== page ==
As it happened, part of the Brit uniform at the time was mainly a green-based working dress, but back in HQ BAOR where I worked in the G Int & Sy Coord branch, we were responsible for supporting BRIXMIS and all the Defence Attaches in Communist bloc countries (less Moscow) and most of my job was spent on procuring all sorts of equipment (early TI equipment for one) and clothing (and coordinating the modifications to Opel Senators at a special location back in UK). For instance, the issue parka at that time was available only in DPM, so we sourced the Canadian version from the Canadian government - a green version - and essential for a German winter as I’m sure you’ll appreciate. The issue woollen shirts - albeit in green - were distinctly uncomfortable (and very poorly made) so obsolete OG shirts designed for the jungle were sourced from somewhere. Also RAF Aircrew pattern boots were favoured by BRIXMIS, who really didn’t want for very much at all!

One other item I had to source was bottles of Scotch; whenever there was a detention, either of BRIXMIS or SOXMIS (the Russian counterpart operating within BAOR turf), depending on the severity and political impact of the incident, either General Zaitsev (the then commander of GSFG) would visit HQ BAOR, or the CinC BAOR visit HQ GSFG; Scotch at one location and vodka at the other. Truly, diplomacy was then lubricated with booze.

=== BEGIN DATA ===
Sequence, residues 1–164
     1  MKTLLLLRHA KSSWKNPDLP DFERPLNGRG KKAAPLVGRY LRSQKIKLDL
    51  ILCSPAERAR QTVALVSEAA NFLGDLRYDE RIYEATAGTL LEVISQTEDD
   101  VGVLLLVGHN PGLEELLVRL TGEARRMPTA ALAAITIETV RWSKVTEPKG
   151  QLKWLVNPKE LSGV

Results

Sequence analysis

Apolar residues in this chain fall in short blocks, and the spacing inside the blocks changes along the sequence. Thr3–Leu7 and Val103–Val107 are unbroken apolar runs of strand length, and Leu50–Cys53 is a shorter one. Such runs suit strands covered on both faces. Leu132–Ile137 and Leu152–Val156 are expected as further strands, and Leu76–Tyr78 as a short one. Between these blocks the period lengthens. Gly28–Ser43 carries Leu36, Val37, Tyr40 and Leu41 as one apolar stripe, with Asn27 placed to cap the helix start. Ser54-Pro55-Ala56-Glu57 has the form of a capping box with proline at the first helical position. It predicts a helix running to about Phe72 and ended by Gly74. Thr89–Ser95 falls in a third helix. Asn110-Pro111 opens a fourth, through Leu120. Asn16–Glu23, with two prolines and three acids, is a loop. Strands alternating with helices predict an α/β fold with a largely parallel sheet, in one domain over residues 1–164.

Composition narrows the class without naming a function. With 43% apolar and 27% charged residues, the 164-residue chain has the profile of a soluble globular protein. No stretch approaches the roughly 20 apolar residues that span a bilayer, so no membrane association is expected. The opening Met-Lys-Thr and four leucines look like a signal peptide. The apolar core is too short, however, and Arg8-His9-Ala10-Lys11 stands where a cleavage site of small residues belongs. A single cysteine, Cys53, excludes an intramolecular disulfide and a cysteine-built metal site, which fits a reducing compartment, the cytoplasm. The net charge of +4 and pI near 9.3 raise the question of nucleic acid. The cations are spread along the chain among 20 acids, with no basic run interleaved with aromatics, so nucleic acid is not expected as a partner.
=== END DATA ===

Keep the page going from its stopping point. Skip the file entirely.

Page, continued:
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LOL! Hadn’t thought about this stuff for years, but I knew several guys who were drivers for the US Mission, and, if memory serves me, they were required to wear the US Army Class B dress uniform while “touring” around in the former DDR (for the same reasons).

After I re-classified my MOS, I would have stayed in Berlin if I could have wrangled a slot as a MIL Mission driver, but those jobs were HIGHLY coveted and almost in the category of “who you know” for assignment selections. Everything turned out for the best, anyways, but I did envy those guys at the time. Would have been a great job and tour.

The trouble with me was that by the time I’d discovered all about BRIXMIS and what they did in detail it was really too late career-wise to do much about it. I like to think I would have flourished. Working alongside the Intelligence Corps boys (in the same staff branch) I would frequently beat them in ad hoc equipment recognntion tests - not that that was the be-all and end-all of course of what BRIXMIS did.

Sadly, one of those shoulda-woulda-coulda moments; but I learned a lot back then, the Cold War was a very earnest affair and if nothing else things were interesting. The posting that followed was in Africa where I got to drive a T-55. Happy days!

We used non-corrosive brake fluid as well as diesel. Please let me know if the book shows bumper codes on the M151A2. If so I’d be interested in it. Also want to do one of the M109’s as “Steglitz.”